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Pain and suffering is one of the biggest buzzwords in personal injury law – and one of the most ambiguous. There are many different types of damages victims can recover from insurance companies in a personal injury case. Some are easy to quantify, others not so much. Pain and suffering compensation falls into the latter.

Damages in personal injury cases are generally grouped into two categories: economic damages and non-economic damages. Economic damages are more straightforward with clear paper trails. These include medical bills, lost wages, property damage, etc.

Non-economic damages do not have a clear price tag on them. This would involve decreased quality of life, loss of companionship, and of course, pain and suffering.

To answer the question directly, insurance companies should cover compensation for pain and suffering. But unfortunately, it’s not as easy as it might seem. In this post, we discuss everything you need to know about pain and suffering in personal injury cases. Let’s jump in.

What is Pain and Suffering?

Pain and suffering is a general term for damages that do not include direct financial figures. After an accident, you may be faced with medical bills, lost wages, or property damages. These economic damages are easy to determine – as you and your attorney can simply look at the value or cost. Pain and suffering involves all of the other hardships stemming from the accident.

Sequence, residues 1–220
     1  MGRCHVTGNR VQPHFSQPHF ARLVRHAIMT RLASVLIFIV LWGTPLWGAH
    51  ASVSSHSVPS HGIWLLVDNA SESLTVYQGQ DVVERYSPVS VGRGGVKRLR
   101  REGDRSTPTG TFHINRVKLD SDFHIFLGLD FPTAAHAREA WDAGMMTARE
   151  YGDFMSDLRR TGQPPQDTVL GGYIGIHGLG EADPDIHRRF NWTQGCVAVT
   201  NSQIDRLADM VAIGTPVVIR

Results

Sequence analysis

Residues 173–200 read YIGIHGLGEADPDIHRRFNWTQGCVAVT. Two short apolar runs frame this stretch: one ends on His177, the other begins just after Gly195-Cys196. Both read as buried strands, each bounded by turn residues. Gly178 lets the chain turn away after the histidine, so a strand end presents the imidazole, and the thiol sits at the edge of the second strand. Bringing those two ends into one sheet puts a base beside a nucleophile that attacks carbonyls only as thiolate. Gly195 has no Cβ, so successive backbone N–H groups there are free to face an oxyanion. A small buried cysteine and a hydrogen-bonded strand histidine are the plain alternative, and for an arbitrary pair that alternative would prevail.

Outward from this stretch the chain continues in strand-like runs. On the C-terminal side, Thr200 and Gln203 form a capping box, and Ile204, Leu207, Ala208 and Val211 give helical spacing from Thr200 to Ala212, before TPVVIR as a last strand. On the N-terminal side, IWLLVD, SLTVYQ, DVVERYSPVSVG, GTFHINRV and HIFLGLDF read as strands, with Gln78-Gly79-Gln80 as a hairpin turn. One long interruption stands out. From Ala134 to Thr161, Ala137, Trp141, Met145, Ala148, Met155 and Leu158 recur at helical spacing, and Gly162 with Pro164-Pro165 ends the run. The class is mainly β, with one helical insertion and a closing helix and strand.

A pain and suffering claim can involve many different factors. Here are some of the big ones we normally see:

Recovery from Injuries

Recovering from an injury can be extremely difficult – depending on the severity. For example, if you broke your leg in the accident, you may be faced with ongoing pain as the injury heals. You may even struggle with pain later on as you resume day-to-day activities. Your pain and suffering compensation should account for how long your recovery took – and the difficulties you faced along the way.

Emotional Anguish

Not all damages from an accident are physical. Many victims in personal injury cases suffer from PTSD, anxiety, and depression after the incident. Emotional pain and suffering can be made worse if the accident resulted in a loss of independence. This is common after head or spinal injuries.

Physical/Mental Limitations Due to the Accident

Some severe injuries can alter the way you live forever. For example, spinal cord injuries can potentially leave you paralyzed or worse. These catastrophic injuries can prevent you from performing your job and earning a living. This should be accounted for in the pain and suffering compensation you receive from the insurance company.